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|Cultural origins||1940s Beti|
|Typical instruments||balafon (early) - keyboards - guitar (later)|
Bikutsi is a musical genre from Cameroon. It developed from the traditional styles of the Beti, or Ewondo, people, who live around the city of Yaoundé. It was popular in the middle of the 20th century in West Africa. It is primarily dance music.
The word 'bikutsi' literally means 'beat the earth' or 'let's beat the earth' (bi- indicates a plural, -kut- means 'to beat' and -si means 'earth'.) The name indicates a dance that is accompanied by stomping the feet on the ground.
Bikutsi is characterised by an intense 6/8 rhythm, though it is occasionally 9/8 and its tempo is usually quarternote. it is played at all sorts of Beti gatherings, including parties, funerals and weddings.
Beti gatherings fall into two major categories:
- Ekang phase: the time when imaginary, mythological and spiritual issues are discussed
- Bikutsi phase: when real-life issues are discussed
A double sided harp with calabash amplification called the mvet is used during these ceremonies, by Beti storytellers, who are viewed as using the mvet as an instrument of God to educate the people. The Ekang phase is intensely musical, and usually lasts all night. There are poetic recitations accompanied by clapping and dancing, with interludes for improvised and sometimes obscene performances on the balafon (a type of xylophone). These interludes signal the shift to the bikutsi phase, which is much less strictly structured than Ekang. During bikutsi, women dance and sing along with the balafon, and lyrics focus on relationships, sexuality and the lives of famous people. These female choruses are an integral part of bikutsi, and their intense dancing and screams are characteristic of the genre. Traditional bikutsi was often ironic in its content, as many modern bikutsi songs still are.
In its modern form, bikutsi is very popular, and rivals makossa as the country's most renowned style.
Popular bikutsi first appeared in the 1940s with the recording of Anne-Marie Nzie. Some twenty years later, the style was electrified with the addition of keyboards and guitars. The most popular performer of this period was Messi Me Nkonda Martin, frontman for Los Camaroes and known as "the father of modern bikutsi music". In an effort to translate the sound and spirit of traditional bikutsi music to more modern terms, Messi incorporated the sound of a balafon into the electric guitar by linking together the guitar strings with lengths of cotton cord. Played in this way, the electric guitar sounded similar to the balafon. The music itself, then, was only slightly altered, while the image and outside perception of bikutsi music was changed enormously. Other bands during this time, such as Les Vétérans, were also popular.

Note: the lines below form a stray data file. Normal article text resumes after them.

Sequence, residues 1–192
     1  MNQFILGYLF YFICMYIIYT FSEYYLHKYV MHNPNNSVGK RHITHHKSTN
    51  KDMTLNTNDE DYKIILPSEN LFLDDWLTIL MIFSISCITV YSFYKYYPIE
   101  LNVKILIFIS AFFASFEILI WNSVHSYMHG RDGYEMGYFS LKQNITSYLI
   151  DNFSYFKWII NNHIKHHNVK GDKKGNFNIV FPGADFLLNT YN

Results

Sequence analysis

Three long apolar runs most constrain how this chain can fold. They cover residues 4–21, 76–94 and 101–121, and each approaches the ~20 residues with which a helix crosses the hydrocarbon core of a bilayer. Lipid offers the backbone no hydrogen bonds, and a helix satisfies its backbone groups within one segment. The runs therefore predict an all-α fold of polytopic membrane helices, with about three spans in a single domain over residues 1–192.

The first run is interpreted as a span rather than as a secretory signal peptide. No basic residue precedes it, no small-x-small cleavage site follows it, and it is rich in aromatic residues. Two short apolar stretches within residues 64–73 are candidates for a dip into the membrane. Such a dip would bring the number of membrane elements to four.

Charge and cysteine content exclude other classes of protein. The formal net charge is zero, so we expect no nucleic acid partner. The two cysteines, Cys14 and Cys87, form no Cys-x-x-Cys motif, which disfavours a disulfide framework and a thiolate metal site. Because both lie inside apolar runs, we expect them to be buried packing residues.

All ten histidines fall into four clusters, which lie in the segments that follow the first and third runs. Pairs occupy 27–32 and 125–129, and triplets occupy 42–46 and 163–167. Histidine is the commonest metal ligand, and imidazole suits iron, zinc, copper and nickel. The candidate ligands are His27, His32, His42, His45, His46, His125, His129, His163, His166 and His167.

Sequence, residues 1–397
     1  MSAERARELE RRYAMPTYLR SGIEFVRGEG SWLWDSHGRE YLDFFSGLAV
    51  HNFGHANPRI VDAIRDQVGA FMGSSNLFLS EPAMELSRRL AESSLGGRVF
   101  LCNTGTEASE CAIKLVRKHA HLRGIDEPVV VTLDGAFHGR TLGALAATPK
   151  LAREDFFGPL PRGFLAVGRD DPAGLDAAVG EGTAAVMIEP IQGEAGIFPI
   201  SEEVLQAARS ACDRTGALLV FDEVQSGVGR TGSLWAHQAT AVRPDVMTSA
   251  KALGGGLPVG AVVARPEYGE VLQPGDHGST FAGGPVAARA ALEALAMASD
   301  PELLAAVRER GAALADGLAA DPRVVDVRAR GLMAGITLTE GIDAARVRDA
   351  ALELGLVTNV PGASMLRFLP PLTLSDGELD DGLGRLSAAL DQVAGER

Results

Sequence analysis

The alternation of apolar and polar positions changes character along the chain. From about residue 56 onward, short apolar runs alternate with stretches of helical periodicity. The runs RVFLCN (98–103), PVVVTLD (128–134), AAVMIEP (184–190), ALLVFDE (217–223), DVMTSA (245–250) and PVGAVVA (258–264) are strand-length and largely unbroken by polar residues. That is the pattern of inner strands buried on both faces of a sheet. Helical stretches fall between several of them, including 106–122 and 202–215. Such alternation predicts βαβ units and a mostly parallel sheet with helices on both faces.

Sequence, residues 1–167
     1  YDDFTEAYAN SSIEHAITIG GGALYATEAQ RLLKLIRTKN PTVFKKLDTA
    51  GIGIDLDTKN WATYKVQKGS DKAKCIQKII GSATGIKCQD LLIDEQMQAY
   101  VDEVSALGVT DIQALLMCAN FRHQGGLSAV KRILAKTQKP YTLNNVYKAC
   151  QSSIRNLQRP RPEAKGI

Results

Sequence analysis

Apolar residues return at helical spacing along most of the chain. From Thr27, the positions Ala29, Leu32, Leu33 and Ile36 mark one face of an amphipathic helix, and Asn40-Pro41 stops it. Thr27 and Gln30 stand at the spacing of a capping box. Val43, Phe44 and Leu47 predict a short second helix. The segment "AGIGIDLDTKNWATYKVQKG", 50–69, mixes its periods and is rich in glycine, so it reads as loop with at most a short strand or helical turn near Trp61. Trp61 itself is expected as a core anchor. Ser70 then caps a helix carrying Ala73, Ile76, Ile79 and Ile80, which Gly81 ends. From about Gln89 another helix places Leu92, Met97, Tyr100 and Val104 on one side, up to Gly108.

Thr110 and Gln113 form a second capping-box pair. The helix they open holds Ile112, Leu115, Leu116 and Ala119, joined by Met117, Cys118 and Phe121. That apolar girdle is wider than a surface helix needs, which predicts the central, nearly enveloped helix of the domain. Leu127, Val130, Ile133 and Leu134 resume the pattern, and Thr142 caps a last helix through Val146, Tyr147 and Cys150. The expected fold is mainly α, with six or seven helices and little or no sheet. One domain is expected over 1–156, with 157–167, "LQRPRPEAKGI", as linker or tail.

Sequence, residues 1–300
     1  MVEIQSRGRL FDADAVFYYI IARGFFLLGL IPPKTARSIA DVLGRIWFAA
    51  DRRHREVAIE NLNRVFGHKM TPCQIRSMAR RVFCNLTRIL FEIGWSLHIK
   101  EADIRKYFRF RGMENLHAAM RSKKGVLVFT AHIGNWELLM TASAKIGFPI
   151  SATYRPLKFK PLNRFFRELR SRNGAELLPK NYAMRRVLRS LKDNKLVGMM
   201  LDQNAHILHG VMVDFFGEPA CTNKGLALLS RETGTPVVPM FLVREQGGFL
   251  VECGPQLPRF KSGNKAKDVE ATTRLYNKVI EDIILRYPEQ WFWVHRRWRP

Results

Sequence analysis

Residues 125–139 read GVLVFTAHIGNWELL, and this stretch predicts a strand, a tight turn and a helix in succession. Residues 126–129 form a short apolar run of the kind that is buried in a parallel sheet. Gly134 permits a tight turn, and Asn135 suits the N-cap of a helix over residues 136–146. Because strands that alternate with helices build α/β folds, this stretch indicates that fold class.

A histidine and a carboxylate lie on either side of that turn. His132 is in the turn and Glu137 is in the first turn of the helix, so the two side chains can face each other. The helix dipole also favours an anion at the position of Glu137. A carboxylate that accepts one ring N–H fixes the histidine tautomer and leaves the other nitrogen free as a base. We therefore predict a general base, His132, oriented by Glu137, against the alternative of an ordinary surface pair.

International acclaim began in 1987 with the formation of Les Têtes Brûlées by Jean Marie Ahanda. The late guitarist of Les Têtes Brulées, Zanzibar, invented the trick of damping the strings of his guitar with a strip of foam rubber to produce the music's characteristic balafon-like thunk. (The balafon is a marimba-like instrument that is widely used in African folk music.) More modern performers include Jimmy Mvondo Mvelé and Mbarga Soukous.
Present-day bikutsi as performed by artists like Lady Ponce, K-Tino, Racine Sagath and Natascha Bizo is sometimes regarded as controversial. It has been criticised for the perceived sexual content of its lyrics and dancing style. In this respect bikutsi resembles mapouka from Côte d'Ivoire, which is also considered indecent by many Africans. The main difference is that present day bikutsi is still often performed by female artists who use it as a means of self-expression in a traditionally male-dominated society.
Thus a singer like K-Tino, self-styled femme du peuple (woman of the people) sees herself as having an important part to play in the emancipation and liberation of the women of Cameroon.
Among the current crop of artists are Patou Bass and Ovasho Bens, the promoter of a dance and philosophy called "zig zag". His first album is composed not only of Cameroonian traditional rhythms but also West Indian zouk and Jamaican-style reggae.
- NYAMNJOH, FRANCIS B.; FOKWANG, JUDE (2005). "ENTERTAINING REPRESSION:MUSIC AND POLITICS IN POSTCOLONIAL CAMEROON". African Affairs. Oxford University Press on behalf of Royal African Society. 104 (415): 251–274. doi:10.1093/afraf/adi007.
- Mick Berry; Jason Gianni (2003). The Drummer's Bible: How to Play Every Drum Style from Afro-Cuban to Zydeco. See Sharp Press. p. 74. ISBN 978-1-884365-32-4.